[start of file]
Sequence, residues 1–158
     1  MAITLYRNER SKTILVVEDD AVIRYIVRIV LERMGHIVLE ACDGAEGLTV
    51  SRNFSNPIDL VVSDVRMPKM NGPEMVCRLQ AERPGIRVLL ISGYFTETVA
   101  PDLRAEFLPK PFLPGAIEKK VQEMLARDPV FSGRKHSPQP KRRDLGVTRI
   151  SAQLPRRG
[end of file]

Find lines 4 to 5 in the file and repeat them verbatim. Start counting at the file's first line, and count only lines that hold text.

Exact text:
   101  PDLRAEFLPK PFLPGAIEKK VQEMLARDPV FSGRKHSPQP KRRDLGVTRI
   151  SAQLPRRG